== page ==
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The University of Exeter is inviting applications for an EPSRC funded PhD studentship to commence in January 2016 (or as soon as possible thereafter). For eligible students the studentship will cover tuition fees plus an annual tax free stipend of at least £14,057 pa for three and a half years.
Research Question: How do large scale companies, western or Chinese having water as their key production input, manage water in their agricultural supply chains in China?
Water is a key ingredient or production input that every product uses and vital to the communities of which we are a part and the ecosystems on which we all rely on. This is particularly true for the companies who use water as their key raw material for their finished products. We are aware from sustainability reports of companies like Coca Cola that they have had their water strategies, i.e., reduce, recycle and replenish; however, the detailed best practice in this area is not at all clear. Even little is known about the practice in China, where per capita water resource is very limited. Chinese government is aware of that and makes a great deal of efforts to address the water shortage and pollution issues. In addition, companies in apparel industry face the problem of complex supply chains containing multiple-tiers from cotton farms to cotton gins to yam manufacturer to fabric manufacturer to garment manufacturer to retail brands like H&M. There are two places where water use requires special attention: agricultural use of water (e.g., for growing cotton) and wastewater treatment in the dyeing process in addition to others, which may be carried out by fabric manufacturer or a dyeing company adding one more tier to the supply chain). Companies like IKEA have put much emphasis on their apparel supply chains by implementing sustainable initiatives across the whole chains and focusing in particular on two extremes (cotton farms and first tier suppliers) in the upstream. Water supply and demand, food/crop production and energy provision and consumption are intimately linked physically, socially and economically, forming the Water-Food-Energy (WFE) Nexus, an interconnected system that is increasingly a cause for concern due to projected demand growth. Strategic decision-making for planning and management of infrastructure supporting the Water-Food-Energy the Nexus is an example of the so-called ‘wicked problems' (difficult or impossible to solve because of incomplete, contradictory, and changing requirements that are often difficult to recognise).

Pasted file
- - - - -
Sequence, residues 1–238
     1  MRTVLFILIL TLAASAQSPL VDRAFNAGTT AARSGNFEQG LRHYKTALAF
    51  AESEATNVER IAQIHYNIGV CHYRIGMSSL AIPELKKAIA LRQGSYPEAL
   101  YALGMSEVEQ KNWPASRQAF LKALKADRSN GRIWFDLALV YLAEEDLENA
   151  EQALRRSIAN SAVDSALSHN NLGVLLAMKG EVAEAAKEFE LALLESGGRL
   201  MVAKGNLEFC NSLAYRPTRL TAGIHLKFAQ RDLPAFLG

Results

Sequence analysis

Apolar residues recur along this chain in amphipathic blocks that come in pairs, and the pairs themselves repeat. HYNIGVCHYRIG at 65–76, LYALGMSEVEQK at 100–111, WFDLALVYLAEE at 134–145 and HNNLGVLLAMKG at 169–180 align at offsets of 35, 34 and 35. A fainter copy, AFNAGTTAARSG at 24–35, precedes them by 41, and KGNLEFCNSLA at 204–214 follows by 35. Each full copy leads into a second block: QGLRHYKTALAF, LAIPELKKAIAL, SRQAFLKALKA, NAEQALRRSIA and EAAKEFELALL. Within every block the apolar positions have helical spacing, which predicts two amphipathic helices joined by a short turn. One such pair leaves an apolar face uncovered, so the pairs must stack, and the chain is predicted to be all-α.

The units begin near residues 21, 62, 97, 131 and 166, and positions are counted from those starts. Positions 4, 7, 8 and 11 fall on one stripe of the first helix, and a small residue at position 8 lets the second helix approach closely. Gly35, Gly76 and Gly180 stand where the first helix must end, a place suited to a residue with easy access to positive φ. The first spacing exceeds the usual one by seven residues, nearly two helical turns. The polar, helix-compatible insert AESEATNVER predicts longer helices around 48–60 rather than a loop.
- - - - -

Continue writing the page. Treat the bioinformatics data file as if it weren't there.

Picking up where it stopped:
Supervision will be provided by Dr Jeff Jia (Department of Management, Business School) and Professor Dragan Savic (College of Engineering, Mathematics and Physical Sciences).
For further details please see the University of Exeter's website - http://www.exeter.ac.uk/studying/funding/award/?id=2033.
This studentship is funded by the Engineering and Physical Sciences Research Council (EPSRC) and is only available to UK and EU nationals. You must have settled status in the UK and must have resided in the UK for three years prior to starting the studentship, and not solely for the purpose of education. Candidates from outside the EU are not eligible for this studentship. For full details on the residence requirements please see https://www.epsrc.ac.uk/skills/students/help/eligibility/
Some or all of the PhD opportunities in this programme have funding attached. It is available to citizens of a number of European countries (including the UK). In most cases this will include all EU nationals. However full funding may not be available to all applicants and you should read the full programme details for further information.
FTE Category A staff submitted: 49.05
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